A cease­­­-fire was declared in the enclave in 1994, with borders determined, but since then, all international efforts to reach a permanent solution have been in vain. The Armenians in the enclave declared an independent state called the Republic of Artsakh, which has not been recognized by any country, , including Armenia. The relative quiet reigning there over the last 25 years was breached from time to time with border incidents flaring up, or with short exchanges of fire. This is not the case this time, not in the extent of forces involved or in the intensity of fighting. This conflict is a classic geographical, historical, religious and ethnic one, but it exceeds the boundaries of the Caucasian region, interfacing with the battle between Shi’ite Iran and Turkey over regional hegemony, all under the eyes of Big Brother, namely Russia.

Strange bedfellows

Iran’s Supreme Leader Ayatollah Ali Khamenei

Turkey and Israel, currently hostile to one another (with Recep Tayyip Erdogan stating only last month that Jerusalem belongs to the Moslems), find themselves both supporting Azerbaijan, a Shi’ite Moslem country. On the other side, Iran, a third of whose population is of Azeri extraction (including its Supreme Leader Ali Khamenei), is supporting Christian Armenia and, according to some reports, supplying it with weapons. Russia, which has a military base in Armenia, is trying to please everyone, arming Azerbaijan as well. The same pattern of behavior characterizes the Kremlin’s policy in Syria, with Vladimir Putin assisting the regime of Bashar Assad and the Iranians, while providing Israel with “silent encouragement” for carrying out air strikes against Iranian positions, Hezbollah and Shi’ite militias. Greece, a strategic ally of Israel, currently in conflict with Turkey over the transport of natural gas in the eastern Mediterranean basin, is supporting Armenia.

Armenian Genocide

Lebanese Armenians march towrads the Turkish embassy in Rabieh, northeast of Beirut, to commemorate the 97th anniversary of the Ottoman Turkish genocide against the Armenian people on April 24, 2012. AFP PHOTO/JOSEPH EID (Photo credit should read JOSEPH EID/AFP via Getty Images)

While Israel insists the whole world should recognize the Holocaust when Nazi Germany and its collaborators systematically murdered millions of Jews, it refuses to  to recognize the massacre of Armenians by the Ottoman Empire during World War I, as a genocide. For years, this position was adopted in order not to annoy Turkey, which for 50 years was Israel’s strategic ally against Syria and, later, Iran. The Mossad and Turkish intelligence cooperated with each other, with Israel’s defense industries selling arms to Turkey for billions of dollars. Ironically, among the systems sold to Turkey were drones and technology which helped Turkey build a comparable industry. Turkish Bayraktar drones are now in action in Nagorno-Karabakh’s battlefields, as well as in Iraq, Syria and Libya.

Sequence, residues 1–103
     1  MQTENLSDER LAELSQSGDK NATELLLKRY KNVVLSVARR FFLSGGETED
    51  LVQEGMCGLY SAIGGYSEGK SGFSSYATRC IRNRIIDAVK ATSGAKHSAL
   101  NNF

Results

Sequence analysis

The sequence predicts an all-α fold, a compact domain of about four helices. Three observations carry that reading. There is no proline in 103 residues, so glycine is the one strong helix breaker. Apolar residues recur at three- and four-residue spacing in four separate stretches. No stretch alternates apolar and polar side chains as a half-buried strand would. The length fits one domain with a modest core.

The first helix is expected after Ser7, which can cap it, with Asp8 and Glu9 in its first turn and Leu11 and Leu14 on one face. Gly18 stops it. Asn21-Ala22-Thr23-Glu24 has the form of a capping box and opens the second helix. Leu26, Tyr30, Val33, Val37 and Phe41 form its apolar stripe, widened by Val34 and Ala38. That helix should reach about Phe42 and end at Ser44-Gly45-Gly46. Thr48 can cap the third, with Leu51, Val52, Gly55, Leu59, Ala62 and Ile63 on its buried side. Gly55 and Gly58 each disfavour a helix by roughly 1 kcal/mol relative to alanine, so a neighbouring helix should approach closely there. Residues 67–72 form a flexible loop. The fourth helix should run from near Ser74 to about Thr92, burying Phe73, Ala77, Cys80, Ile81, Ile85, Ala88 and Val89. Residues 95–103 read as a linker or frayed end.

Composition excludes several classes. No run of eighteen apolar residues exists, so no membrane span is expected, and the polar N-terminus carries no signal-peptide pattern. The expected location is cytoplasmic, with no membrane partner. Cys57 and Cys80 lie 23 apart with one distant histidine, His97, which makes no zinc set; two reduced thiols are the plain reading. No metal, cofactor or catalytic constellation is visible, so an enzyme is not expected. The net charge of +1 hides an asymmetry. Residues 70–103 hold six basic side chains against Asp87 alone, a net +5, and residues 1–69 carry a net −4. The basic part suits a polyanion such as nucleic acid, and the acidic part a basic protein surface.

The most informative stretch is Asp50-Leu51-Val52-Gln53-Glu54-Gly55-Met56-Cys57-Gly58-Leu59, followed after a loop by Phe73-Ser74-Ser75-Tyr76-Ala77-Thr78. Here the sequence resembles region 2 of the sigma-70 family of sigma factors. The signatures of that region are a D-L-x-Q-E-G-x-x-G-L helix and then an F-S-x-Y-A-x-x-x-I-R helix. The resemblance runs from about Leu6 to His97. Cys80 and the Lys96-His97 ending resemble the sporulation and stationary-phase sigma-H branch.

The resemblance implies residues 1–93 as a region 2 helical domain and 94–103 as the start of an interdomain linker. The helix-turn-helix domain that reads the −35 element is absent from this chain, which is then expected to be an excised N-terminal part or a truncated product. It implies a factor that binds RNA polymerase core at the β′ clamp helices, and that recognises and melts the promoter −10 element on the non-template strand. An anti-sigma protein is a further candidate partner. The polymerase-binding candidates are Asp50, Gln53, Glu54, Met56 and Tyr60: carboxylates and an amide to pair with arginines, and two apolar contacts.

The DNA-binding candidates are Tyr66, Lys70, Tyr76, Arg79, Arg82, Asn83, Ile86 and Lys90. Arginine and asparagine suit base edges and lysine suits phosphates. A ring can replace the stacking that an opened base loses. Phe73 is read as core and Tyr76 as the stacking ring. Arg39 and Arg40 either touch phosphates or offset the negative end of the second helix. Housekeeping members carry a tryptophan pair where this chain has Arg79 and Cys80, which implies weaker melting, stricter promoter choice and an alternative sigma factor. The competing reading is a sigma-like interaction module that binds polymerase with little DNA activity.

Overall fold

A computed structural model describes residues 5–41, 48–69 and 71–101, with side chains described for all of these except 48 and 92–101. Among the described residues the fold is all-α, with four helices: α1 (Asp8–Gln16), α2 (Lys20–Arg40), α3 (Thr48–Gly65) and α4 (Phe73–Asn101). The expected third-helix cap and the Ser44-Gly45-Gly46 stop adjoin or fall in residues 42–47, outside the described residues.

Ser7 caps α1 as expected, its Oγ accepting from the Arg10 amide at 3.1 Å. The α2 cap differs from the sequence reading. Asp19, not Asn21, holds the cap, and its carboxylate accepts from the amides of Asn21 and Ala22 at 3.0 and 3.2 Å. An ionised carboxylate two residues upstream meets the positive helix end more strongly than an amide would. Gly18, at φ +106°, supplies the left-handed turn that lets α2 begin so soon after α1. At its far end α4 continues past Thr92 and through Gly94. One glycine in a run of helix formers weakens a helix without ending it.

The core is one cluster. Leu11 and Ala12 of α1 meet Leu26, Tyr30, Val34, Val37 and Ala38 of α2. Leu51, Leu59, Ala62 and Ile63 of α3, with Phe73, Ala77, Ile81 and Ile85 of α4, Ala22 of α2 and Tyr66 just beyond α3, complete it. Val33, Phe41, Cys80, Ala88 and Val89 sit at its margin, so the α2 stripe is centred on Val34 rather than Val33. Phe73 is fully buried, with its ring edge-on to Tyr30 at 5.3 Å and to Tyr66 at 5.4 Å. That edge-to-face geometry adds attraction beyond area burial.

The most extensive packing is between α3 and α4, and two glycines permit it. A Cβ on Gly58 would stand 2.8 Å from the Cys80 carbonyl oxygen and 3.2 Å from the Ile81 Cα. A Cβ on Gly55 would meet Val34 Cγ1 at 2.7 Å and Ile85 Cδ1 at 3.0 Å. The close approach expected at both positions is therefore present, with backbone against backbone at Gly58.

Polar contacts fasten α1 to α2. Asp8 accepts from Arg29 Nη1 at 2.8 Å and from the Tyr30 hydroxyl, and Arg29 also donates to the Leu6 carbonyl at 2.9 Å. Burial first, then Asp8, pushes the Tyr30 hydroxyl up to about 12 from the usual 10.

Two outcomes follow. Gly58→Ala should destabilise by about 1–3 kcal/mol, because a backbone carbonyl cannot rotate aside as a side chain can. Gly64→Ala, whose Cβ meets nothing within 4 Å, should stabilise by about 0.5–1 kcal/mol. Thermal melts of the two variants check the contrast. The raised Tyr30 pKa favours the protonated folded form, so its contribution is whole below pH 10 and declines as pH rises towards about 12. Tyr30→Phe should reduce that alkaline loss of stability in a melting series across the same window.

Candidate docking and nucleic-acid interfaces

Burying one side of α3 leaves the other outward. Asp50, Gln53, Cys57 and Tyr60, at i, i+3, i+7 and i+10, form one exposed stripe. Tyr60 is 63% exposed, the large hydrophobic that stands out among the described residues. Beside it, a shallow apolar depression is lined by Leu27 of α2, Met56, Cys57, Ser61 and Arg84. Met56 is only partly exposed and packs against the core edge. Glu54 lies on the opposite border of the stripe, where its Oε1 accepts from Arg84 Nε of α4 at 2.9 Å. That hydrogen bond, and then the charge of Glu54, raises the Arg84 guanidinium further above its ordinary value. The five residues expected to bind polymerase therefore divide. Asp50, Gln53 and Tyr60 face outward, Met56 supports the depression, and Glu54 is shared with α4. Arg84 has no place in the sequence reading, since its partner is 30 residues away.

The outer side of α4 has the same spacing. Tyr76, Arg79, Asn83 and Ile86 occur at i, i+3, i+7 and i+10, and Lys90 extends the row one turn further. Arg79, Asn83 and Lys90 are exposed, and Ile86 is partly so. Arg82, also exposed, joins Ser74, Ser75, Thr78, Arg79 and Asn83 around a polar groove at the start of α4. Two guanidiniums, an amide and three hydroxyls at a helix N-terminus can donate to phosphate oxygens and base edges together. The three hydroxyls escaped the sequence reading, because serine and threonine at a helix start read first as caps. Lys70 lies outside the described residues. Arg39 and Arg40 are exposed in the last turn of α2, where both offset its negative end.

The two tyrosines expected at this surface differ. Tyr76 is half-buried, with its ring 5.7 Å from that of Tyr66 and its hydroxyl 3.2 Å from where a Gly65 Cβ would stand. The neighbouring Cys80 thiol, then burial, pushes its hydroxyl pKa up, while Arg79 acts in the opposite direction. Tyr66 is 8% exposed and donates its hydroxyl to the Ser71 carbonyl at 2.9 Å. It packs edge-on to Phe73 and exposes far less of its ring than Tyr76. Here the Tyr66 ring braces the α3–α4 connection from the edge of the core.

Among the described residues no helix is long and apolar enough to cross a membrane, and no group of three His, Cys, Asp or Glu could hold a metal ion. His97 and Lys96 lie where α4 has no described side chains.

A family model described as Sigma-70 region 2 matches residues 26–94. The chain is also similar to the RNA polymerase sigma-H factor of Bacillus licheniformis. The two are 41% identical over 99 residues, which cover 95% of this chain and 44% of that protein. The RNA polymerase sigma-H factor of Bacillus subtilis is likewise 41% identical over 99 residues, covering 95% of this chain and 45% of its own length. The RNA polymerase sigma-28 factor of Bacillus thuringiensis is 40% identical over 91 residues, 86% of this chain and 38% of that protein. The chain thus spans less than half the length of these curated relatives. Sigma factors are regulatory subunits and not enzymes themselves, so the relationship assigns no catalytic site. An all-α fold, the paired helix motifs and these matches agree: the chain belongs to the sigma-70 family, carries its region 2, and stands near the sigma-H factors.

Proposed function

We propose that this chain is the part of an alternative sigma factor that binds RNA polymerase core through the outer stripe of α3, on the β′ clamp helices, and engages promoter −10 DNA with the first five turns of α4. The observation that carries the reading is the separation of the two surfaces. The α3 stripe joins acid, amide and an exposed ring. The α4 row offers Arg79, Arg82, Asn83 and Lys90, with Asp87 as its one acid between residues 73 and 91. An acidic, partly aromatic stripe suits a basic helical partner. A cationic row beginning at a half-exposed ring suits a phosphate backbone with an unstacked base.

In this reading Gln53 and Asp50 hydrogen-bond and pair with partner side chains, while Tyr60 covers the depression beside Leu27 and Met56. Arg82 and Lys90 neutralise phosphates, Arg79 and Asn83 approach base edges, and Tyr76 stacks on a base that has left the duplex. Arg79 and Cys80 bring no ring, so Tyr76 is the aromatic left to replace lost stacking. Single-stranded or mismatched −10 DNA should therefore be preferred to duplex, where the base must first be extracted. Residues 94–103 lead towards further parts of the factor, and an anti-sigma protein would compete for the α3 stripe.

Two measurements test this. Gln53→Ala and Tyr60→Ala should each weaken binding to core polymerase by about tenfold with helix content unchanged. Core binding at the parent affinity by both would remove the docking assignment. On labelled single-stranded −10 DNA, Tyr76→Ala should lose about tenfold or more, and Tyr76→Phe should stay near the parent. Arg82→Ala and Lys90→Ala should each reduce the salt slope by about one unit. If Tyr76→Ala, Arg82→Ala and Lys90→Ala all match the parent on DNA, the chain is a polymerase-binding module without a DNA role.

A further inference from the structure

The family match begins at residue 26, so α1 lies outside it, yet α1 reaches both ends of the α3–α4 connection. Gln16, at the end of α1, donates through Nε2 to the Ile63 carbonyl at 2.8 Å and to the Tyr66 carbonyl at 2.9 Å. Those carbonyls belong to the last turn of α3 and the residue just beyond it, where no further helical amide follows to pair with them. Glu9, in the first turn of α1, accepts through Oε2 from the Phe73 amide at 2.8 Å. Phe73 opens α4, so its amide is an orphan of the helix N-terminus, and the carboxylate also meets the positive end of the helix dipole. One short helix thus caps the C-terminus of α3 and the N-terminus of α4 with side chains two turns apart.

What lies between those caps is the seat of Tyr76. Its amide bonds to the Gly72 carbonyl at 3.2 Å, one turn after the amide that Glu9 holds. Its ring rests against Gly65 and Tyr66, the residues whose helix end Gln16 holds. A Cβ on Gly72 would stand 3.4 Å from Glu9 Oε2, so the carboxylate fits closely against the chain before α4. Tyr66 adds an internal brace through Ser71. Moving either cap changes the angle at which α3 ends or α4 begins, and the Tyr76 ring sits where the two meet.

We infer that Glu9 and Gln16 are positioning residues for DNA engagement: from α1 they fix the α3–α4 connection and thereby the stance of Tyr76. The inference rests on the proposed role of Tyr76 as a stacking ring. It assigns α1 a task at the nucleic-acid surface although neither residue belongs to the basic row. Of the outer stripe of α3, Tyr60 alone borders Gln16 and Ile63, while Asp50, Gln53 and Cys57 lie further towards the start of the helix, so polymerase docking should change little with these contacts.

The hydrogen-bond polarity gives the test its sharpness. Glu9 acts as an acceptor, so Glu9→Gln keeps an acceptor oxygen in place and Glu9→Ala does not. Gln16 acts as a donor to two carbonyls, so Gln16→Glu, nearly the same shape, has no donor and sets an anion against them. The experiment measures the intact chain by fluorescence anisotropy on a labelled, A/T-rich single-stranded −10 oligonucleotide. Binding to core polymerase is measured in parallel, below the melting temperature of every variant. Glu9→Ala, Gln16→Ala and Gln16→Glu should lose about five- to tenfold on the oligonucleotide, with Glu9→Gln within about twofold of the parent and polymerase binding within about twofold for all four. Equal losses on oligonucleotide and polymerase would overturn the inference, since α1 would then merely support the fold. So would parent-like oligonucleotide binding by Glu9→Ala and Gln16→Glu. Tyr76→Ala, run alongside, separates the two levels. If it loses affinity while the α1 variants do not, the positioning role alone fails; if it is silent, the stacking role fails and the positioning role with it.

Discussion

Despite the dismantling of the strategic alliance between it and Turkey , Israel has not used this as an opportunity to fulfill its historic duty and follow its conscience and values regarding the Armenian genocide. The reason for this is Azerbaijan. At the same time that Erdogan started distancing himself from Israel, Azerbaijan and Israel grew closer. It soon became clear that the two countries had set up a strategic alliance centered on their mutual hostilities towards Iran.

Cluster bombs

Cluster bombs

Despite the fact that cluster bombs are banned , Amnesty International identified Israeli-made M095 DPICM cluster munitions that appear to have been fired by Azerbaijani forces.

“The use of cluster bombs in any circumstances is banned under international humanitarian law, so their use to attack civilian areas is particularly dangerous and will only lead to further deaths and injuries,” said Denis Krivosheev, Amnesty International’s acting Head of Eastern Europe and Central Asia.

(FRANCE 24 with AFP)/YL